1. Appoint a process owner who has oversight on process performance and improvement. Their job would be to investigate any failures and decide whether it is systemic (because the process is inadequate or flawed) or a user error (because someone failed to follow the guidelines).
  1. Get up to speed with process design, improvement, redesign, and the tools and techniques available today (DMAIC, Six Sigma, Kaizen, Hansei). Attempt to solve issues with technical tools and evidence-based arguments instead of opinions and thoughts. This approach helps keep the discussion productive and non-personal.

5.3 Principle 3: Draw a Line Below Which Quality Does Not Go

When you have aggressive deadlines or your project is running out of time, there are only four things you can do:

  1. Reduce the scope
  2. Extend the deadline
  3. Commit additional resources
  4. Sacrifice quality
Software Project Constraints

While the first two options are your best bets, and the third option is not always feasible, the fourth option (sacrificing software and testing quality) is what most people would consider an easy way out.

There is a good explanation for why this can be appealing, and that’s because the results of sacrificing quality today will only be evident in the future. They will end up being someone else’s responsibility.

Sacrificing quality increases technical debt, which in turn creates a drag on your delivery capabilities. If left uncontrolled, it will transform your product from a lucrative asset to a liability.

Organizational Behavioural Pattern of Eroding Goals
Organizational Behavioral Pattern of Eroding Goals

Constantly sacrificing quality, in the long term, will have detrimental and irreversible effects on your business. This organizational behavioural pattern of Eroding Goals was documented in Peter M. Senge’s book (1990) The Fifth Discipline.

But what if postponing the delivery, reducing the scope, or adding resources is just not possible, and the only open option is to lower your quality standards?

The answer is: draw a line below which you don’t go. This threshold is where the risks will start to outweigh the benefits.

Here are some examples that help illustrate the point.

  1. Postpone or decline non-strategic and non-profitable projects. Focusing on lucrative or strategic customers is vital, especially during a fast-growing period.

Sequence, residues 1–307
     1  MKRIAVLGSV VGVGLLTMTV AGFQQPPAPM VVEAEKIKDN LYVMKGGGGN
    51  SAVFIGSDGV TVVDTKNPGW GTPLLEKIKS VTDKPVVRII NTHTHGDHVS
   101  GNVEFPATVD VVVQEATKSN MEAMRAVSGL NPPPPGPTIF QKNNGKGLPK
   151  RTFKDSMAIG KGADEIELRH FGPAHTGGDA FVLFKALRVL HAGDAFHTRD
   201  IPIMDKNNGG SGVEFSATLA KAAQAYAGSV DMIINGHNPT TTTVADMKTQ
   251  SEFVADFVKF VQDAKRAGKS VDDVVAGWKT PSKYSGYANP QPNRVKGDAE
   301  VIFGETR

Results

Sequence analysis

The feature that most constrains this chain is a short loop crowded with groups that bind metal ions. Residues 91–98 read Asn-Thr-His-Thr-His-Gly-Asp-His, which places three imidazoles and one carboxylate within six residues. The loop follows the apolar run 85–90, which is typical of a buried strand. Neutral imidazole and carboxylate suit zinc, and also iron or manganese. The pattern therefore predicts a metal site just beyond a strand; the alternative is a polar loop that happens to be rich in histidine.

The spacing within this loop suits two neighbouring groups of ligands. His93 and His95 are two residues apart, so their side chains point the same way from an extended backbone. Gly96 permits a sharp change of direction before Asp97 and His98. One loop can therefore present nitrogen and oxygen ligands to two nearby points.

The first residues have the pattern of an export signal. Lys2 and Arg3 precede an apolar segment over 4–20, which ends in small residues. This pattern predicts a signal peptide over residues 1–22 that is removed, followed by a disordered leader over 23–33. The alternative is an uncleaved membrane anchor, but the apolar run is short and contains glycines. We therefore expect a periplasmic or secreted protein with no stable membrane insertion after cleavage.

1. Reduce or eliminate non-essential activitiessuch as internal documentation, refactoring of old code, or daily meetings for smaller projects. Create different project delivery guidelines depending on project size.
  1. Carryover non-critical bugs into future releases. Manage your technical debt efficiently.
  1. Make software drops frequently so that the customer can start testing and uncovering issues as early as possible.

Ideally, it is best to avoid these situations altogether. You can do that with better planning, efficient processes and resource allocation, and being open and honest with your clients.

5.4 Principle 4: Implement Agile Processes Where Applicable

Once you separate the hype accumulated around Agile (and its close cousin DevOps), you will find that it offers immediate and substantial gains.

Granted, Agile is not for every project or product. Still, we can safely assume that of the 12 principles it advocates and the various practices that have flourished around it, there is a universal and generic set that can be applied everywhere.

Let’s have a look at the most powerful of these principles and practices.

  1. User stories: this is a topic that we will return to in its own section. For the moment being, suffice to say that user stories have brought back the customer to the forefront of the stage. Technical staff can get distracted quite easily from what is essential and valuable for the customer to what is purely a technical matter the customer is oblivious to.
  1. Face-to-face interactions over documentation: in this day and age, where teams are operating across different continents and timezones, it is easy to get sucked into excessive dependency on online collaboration tools such as emails and instant messaging. In these virtual worlds, misunderstandings proliferate, and progress is unnecessarily slow.
  1. Frequent iterations: In the pre-Agile world, customers would have to wait for months before getting their hands dirty with the new software. It was often the case that what they got was a long way from what they had in mind. Agile tries to resolve this problem with frequent software drops. These frequent drops allow valuable information to find its way back to the developers to adjust their requirements and design. The gains achieved are not small when we consider that unclear requirements are the number one reason for IT failures.
  1. Automation: although not strictly the child of Agile for historical reasons, automation is a necessary tool for Agile to succeed. It is impossible to release frequently and reliably without automating repetitive work, especially around building and testing.
  1. Agile Architecture: Architecture is by definition “what is important and hard to change” in your software design. It might be the tech stack you are using or how you organise your software’s modules and components. So how does that work with Agile where “change is always welcome”? Creating Agile architecture changes the question from “What is the best design I can come up with?” to “How can I design my architecture so that future changes are feasible and easy to introduce?”.